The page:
Loss of Formerly Affordable Units. Public outcry against “slumlords” and drug houses has resulted in the demolition of much of what used to be affordable housing. Rundown firetraps and old public housing projects are being torn down and replaced by offices or market-rent units, too expensive for low or moderate-income families.

The Section 8 Wait. The Section 8 rent-subsidy program works on a voucher system and reimburses landlords a portion of the rent. People applying to the program have an average 20-month wait to become certifiably eligible for Section 8 housing. After certification they can apply for a Section 8 voucher, which they need to have in hand to show potential landlords, but the wait for vouchers takes up to 22 months. By the time they get a voucher, Section 8 renters have another wait: it takes an average of 16 months for a unit to become available. This translates to a nearly five-year wait.

Increasing Costs. Affordable housing can be an oxymoron. Land is expensive, not to mention the costs of contractors, materials, permits, and fees needed to build housing according to strict building codes. Although these higher standards in building codes ensure safer buildings and environments, they also ensure high rent and mortgages.

Neighborhood Resistance. The American public does want something done about homelessness and the housing crisis—as long as it happens in someone else’s neighborhood. Whenever affordable housing is proposed in a moderate-income neighborhood, a nonprofit developer often faces red tape and intense resistance. Many neighborhoods pass strict zoning regulations to exclude affordable housing. This “Not In My Back Yard” attitude, or “NIMBYism,” has killed many nonprofit affordable housing projects.

Lack of Political Will. Government policies have turned away from housing assistance in recent years. Housing is such a complex and controversial issue that politicians rarely use it as a platform for rallying support. For the sake of balancing the budget, the government has made major funding cuts in the Department of Housi
ng and Urban Development (HUD). Little money is available for subsidizing rents anymore, and the Section 8 housing program is being downsized—to the point of becoming nearly nonexistent. The resulting crisis of homelessness and lack of affordable housing has been called by some “the problem that cannot be solved.”

Basic Education
In order to help members of your church understand the need to address housing issues in your community, you might want to begin with some of the following activities:

  • • Include information provided in the above summary of housing issues for newsletters, bulletin inserts, and education forums to provide an orientation to the issues.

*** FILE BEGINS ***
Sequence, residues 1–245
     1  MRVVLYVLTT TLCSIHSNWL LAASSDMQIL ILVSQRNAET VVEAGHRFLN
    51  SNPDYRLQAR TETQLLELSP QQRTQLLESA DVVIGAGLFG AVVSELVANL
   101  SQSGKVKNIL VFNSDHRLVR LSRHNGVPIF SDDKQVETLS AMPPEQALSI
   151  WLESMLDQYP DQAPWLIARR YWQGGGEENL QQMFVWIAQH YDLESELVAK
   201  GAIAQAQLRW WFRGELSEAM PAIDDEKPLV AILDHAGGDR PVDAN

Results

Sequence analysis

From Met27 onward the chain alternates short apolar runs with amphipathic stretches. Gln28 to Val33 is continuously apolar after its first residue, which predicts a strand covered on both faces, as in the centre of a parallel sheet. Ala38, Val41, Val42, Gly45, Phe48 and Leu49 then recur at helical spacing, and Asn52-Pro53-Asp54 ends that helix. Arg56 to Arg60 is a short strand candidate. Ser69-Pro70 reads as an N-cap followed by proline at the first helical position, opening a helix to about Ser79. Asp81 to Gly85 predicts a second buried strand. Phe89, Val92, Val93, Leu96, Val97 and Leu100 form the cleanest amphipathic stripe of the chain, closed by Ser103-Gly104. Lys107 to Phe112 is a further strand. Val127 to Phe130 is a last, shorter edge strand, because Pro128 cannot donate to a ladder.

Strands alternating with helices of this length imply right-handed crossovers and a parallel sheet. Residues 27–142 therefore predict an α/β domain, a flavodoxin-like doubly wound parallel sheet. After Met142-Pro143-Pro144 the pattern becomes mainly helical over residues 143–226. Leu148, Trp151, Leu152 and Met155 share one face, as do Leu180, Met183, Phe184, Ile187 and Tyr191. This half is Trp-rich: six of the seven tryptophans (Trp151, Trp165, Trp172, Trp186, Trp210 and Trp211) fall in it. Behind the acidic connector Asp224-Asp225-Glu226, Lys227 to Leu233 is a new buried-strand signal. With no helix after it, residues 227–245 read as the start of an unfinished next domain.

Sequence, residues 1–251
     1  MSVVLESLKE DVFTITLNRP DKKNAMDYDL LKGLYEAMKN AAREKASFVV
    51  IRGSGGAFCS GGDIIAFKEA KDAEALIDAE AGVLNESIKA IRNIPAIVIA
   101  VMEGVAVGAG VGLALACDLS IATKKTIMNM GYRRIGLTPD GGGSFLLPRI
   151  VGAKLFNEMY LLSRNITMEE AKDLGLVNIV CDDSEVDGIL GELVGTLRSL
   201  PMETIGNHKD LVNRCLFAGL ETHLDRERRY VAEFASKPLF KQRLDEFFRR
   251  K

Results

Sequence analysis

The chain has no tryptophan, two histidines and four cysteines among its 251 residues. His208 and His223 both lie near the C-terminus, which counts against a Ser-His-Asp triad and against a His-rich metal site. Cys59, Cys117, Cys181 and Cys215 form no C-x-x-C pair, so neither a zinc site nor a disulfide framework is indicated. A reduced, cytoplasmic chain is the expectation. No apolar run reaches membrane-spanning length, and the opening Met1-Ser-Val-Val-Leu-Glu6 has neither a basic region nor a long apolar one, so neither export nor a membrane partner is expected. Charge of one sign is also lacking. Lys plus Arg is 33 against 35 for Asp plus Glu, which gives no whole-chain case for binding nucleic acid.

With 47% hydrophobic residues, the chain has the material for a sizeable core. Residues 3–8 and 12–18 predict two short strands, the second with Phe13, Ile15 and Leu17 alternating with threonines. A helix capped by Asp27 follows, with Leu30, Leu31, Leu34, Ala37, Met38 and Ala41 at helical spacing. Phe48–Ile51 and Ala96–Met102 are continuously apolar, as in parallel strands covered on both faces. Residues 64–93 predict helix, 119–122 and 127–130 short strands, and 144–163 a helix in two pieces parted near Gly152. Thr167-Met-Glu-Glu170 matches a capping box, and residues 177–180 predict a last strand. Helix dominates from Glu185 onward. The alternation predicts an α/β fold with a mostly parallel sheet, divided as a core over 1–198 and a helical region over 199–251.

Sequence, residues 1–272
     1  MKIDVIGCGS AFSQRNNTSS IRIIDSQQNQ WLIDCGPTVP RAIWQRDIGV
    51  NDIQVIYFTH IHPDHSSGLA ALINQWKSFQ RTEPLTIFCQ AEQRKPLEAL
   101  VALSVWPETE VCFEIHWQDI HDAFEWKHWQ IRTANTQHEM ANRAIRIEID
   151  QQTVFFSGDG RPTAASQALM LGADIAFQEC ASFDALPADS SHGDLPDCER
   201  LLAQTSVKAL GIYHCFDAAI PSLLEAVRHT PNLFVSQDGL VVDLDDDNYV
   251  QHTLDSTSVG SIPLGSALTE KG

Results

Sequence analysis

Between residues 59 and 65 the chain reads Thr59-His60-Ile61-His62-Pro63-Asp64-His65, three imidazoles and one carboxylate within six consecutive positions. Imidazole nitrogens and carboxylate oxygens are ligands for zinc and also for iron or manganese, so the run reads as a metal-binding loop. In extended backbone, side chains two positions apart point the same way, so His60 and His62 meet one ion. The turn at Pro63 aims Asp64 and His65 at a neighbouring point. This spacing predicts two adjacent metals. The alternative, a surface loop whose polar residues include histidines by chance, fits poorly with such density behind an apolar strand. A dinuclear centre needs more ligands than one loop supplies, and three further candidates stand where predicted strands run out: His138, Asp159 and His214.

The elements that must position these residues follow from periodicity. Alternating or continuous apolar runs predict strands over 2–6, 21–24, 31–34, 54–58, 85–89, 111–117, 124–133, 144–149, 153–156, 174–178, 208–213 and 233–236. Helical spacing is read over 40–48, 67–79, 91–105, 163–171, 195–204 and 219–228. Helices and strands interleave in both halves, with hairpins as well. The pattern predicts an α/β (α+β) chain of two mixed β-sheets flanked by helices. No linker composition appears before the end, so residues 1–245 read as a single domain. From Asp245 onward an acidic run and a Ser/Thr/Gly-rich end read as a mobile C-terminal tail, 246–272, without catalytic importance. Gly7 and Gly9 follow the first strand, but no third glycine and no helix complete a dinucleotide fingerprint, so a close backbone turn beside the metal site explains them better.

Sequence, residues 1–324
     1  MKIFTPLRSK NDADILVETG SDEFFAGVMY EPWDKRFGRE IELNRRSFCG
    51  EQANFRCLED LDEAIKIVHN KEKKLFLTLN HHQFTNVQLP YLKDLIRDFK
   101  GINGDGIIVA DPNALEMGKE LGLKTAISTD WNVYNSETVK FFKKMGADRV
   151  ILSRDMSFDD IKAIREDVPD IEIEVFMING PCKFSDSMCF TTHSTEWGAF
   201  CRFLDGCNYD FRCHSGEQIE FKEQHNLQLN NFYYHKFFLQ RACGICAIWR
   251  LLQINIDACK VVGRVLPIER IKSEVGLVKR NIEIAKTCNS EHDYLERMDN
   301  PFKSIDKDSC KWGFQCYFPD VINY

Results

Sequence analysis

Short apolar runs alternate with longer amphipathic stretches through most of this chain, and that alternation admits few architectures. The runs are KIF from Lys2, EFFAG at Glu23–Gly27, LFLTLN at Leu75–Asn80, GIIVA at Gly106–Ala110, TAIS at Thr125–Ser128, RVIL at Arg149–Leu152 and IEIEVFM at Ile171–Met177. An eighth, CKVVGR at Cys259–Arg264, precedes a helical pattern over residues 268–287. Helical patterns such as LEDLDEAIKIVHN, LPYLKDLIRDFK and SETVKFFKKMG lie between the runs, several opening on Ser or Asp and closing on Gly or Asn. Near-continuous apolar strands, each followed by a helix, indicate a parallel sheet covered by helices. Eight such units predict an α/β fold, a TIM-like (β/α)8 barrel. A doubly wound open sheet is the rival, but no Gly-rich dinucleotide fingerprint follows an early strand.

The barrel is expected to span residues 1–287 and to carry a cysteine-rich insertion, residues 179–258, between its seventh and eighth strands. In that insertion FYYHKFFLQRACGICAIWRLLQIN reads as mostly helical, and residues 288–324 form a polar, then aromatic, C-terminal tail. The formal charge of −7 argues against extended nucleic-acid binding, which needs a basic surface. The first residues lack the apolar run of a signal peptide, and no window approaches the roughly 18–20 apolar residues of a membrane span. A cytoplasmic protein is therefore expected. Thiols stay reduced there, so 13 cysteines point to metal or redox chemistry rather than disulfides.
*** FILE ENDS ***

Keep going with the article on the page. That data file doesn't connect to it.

• Visit various facilities in order to get different perspectives on homelessness and housing issues. Such facilities include emergency homeless shelters, transitional housing, and permanent affordable housing.
  • Contact your local Housing and Urban Development office to learn about your community’s homeless assistance plans. This plan lays out the need for assistance; what housing and services are being provided to meet those needs; the gaps between the two; and what the community is proposing to fill these gaps.
  • Talk to homeless people. Befriend a homeless or low-income family struggling with housing issues. Find out what life is like for them.
  • Find some local churches that are addressing housing or community development issues and invite speakers to your church.
  • Volunteer at a homeless assistance facility or a building project, such as Habitat for Humanity.
  • Learn about the various support services for the homeless and low-income renters. Services might include job training and placement, medical, chemical and mental health, ESL, GED preparation, literacy, child care, teen programs, and legal assistance. Many organizations and facilities offer housing and services at the same location.
  • The Internet is an excellent educational tool. You can learn a lot about housing issues, find organizations in your area, and discover a project you would like your church to become involved with or emulate without ever leaving your computer. Listed under “Current Issue” at the Alban Institute Web site ( are Web sites and contact information of various organizations addressing housing, homelessness, and other related topics.
  • Print out some of the fact sheets from the National Coalition for the Homeless and the latest issues of “NIMBY Report” from the National Low-Income Housing Coalition, and read them to your board or congregation.

Next Steps
At this point your church should have a fairly good idea of your community’s particular housing issues. The questions in the sidebar on page 9 are designed to elicit discussion and help your group determine its focus and mission.

People who work in successful housing and service programs highly recommend intentional relationship building and collaboration with other groups. In Richmond, Virginia, Strategies to Elevate People (STEP) social services programs emphasize the importance of proceeding “carefully, cautiously and with commitment; avoiding fads, abstaining from quick fixes, and building quality relationships with community and people of good will.”

There is no set formula to tell you how to progress. Every church and every area’s needs are unique, and there is plenty of room for innovation as well as replication in creating affordable housing. Your church must pray and work together to figure things out; however, if you follow the suggestions of educating yourself and your congregation, if you form discussion groups and committees of informed people, if you walk by faith and not by sight, a way will open.